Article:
Teaching Was Not What I Chose To Do

by | Mar 11, 2019

During the India Fellow assessment meeting, I was asked about my thematic interest in the social development field. I was sure of what I didn’t want to be in – gender and children related work. And here I am, facilitating upper primary children in my host organization, Tamarind Tree. Although, I was informed by the India Fellow team that most likely, I won’t be placed in my thematic area preferences, pretty much like how most things in this fellowship journey has expected me to be. Just like all the chances I took in my life, I chose to take this chance as well.

I have always told myself that I am better off playing with other animals than with human children. How would I have ever understood them, when I have never even attempted to understand them?

The unknown space

Getting inside their world requires a lot of courage and consciousness. My first day at Tamarind Tree felt very nostalgic, as if though it was literally my first day in school. Excited and nervous at the same time in a new space with all the new faces, the day felt extremely dazing filled with confusion. The first couple of days, I was only observing the work culture and trying to learn how the rest of the adults engage with the kids. While I am very bad at remembering names, the best I could give back to the kids was awkward ‘Hi’ and listen to them during lunchtime. But the kids didn’t let me persist this awkwardness for more than a couple of days. The kids would throw up hundreds of questions – ‘Usma, where are you from?’ to show off their knowledge about Indian states, they would ask ‘Mizoram’s capital is Aizawl, right?’, also they are used to many visitors come and leave ‘For how long will you be here?’ super curious to know about my routes ‘How far is Mizoram from Dahanu? Can you say something in your language?’  They have understood that I forget names ‘Do you remember my name?’ and the never-ending questions goes on and on.

Lunching – my favorite time of the day

During the India Fellow induction training, I didn’t understand Anupama’s (fellowship program team member now and an alumnus of the fellowship) sarcasm about the mid-day meal. Mid-Day Meal? I told myself “Be prepared with chapatti, dal, and sabzi every day”. I had almost pre-planned to carry my own food if the meals get very mundane. But little did I know that this school serves one of the best meal with its unique recipe and nutritional values. One of the secret recipes to its awesome taste is love; prepared by the awesome chefs aka mothers and fathers of some of the children studying here. The best thing is I am consuming healthy food regularly, unlike my unhealthy diet of eight years in Delhi.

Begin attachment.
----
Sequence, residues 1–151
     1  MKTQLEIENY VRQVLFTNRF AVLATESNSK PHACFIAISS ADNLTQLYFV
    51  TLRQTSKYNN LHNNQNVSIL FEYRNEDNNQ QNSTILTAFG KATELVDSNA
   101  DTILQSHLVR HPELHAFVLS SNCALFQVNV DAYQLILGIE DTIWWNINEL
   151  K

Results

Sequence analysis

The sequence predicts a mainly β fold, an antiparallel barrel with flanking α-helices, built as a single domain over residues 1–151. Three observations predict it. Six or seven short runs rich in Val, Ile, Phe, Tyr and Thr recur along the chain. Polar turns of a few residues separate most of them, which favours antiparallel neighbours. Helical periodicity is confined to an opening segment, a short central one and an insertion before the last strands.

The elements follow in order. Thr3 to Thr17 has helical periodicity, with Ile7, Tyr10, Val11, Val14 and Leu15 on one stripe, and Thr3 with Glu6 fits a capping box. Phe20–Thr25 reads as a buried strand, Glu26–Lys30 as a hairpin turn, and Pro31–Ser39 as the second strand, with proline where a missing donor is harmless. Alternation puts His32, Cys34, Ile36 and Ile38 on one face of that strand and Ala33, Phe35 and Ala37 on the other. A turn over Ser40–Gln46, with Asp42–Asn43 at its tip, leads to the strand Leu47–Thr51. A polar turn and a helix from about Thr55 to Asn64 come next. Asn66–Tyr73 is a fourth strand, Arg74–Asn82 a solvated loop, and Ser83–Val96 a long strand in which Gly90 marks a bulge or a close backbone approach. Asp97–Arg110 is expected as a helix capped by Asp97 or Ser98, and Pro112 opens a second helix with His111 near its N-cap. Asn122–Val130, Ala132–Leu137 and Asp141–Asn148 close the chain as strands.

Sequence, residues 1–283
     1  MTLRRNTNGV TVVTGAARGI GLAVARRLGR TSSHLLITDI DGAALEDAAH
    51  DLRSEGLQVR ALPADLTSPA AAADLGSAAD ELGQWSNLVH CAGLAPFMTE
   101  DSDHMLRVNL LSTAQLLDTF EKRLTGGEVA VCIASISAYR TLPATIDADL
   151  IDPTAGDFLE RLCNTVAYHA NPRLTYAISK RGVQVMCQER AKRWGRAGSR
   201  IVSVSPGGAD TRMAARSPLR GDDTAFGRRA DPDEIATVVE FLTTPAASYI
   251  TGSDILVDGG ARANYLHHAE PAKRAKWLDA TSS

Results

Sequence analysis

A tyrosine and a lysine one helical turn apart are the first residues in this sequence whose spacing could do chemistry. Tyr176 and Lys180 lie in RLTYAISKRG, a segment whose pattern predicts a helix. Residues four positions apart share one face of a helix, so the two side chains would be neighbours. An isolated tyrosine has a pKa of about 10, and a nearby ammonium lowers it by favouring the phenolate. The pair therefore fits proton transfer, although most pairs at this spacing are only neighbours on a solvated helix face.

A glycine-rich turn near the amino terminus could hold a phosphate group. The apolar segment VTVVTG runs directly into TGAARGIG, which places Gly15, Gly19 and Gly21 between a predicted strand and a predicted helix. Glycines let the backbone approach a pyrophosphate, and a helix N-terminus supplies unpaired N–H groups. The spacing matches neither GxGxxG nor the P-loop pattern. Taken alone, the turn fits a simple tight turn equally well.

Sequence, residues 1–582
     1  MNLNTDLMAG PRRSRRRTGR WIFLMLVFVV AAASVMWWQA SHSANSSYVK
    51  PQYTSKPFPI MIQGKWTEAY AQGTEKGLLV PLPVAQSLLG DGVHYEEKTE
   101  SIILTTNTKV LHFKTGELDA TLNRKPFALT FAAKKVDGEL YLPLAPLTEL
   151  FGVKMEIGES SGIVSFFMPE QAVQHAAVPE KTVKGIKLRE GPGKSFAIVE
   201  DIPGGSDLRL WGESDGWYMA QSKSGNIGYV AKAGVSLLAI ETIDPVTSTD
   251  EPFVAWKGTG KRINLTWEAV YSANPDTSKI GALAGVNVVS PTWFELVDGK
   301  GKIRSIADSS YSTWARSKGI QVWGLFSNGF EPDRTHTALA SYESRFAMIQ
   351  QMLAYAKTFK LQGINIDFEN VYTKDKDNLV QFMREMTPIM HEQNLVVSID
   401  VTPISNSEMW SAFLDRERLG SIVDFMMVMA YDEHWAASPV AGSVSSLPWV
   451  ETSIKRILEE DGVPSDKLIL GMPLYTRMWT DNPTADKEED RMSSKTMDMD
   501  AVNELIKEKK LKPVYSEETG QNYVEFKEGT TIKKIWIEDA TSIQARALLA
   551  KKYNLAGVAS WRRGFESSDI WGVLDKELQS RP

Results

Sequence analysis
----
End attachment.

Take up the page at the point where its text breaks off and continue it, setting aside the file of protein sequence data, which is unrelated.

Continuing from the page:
During lunchtime, the kids from different tables would call out my name to join in their table. Earlier, it was a difficult choice to make but I noticed that the rest of the facilitators also join in randomly in either of the tables with the kids. Lunching together was a critical space and time where I had built up bonding with the kids. It’s the time of the day where the kids and the facilitators can talk about anything else other than school courses. The curiosity of the children’s mind makes me contemplate the shapes of my own thought. One day, a very chatty ten-year-old kid asked me about ‘racial discrimination’ which was mentioned in one of the stories he read. He said, “But every human have two eyes, one nose, one mouth, two hands, and two legs, how can they be different? I don’t understand, Usma” …

The 20 minutes slot – meeting

I am engaged with the upper primary learners in Tamarind Tree school. I started a new role this year i.e to have twenty minutes one on one meeting slot with all the fifty-six children within three weeks. The meetings are conducted from 12:20 to 4.30 pm with ten children every day. These meetings are conducted to improve their English while assimilating the learning in their main subjects – Science, Math, Coding, Observation, and Digital Literacy. These children have helped me to understand them even better in the context of their intellectual ability; economic and cultural background. Accordingly, I plan the activities for the respective child.

Children – a reflection of my childhood

The children are like a mirror of my childhood and present life. They make me question about my early education, my teachers, parents, social circle and overall set up that I was brought up. Unlike them, I wasn’t taught to question the elders or the system prevalent around me. It was only recently, I started to question the political and socio-economic dynamics that I am bounded with.

For instance, in the longest period, I had thought that there are no railway lines in most parts of the northeast states because the terrain wasn’t possible for rail tracks and that’s what was told by the elders when I was a kid. But when I read the news, the belief I had about the railway tracks in the northeast regions was entirely thrashed.

After spending so much time with kids, I have realised that there is no question on the limit of knowledge. And I wondered eight months ago, what will I do with children as my community. Here I am now… and there is so much more to learn from the children who surround me all day now!

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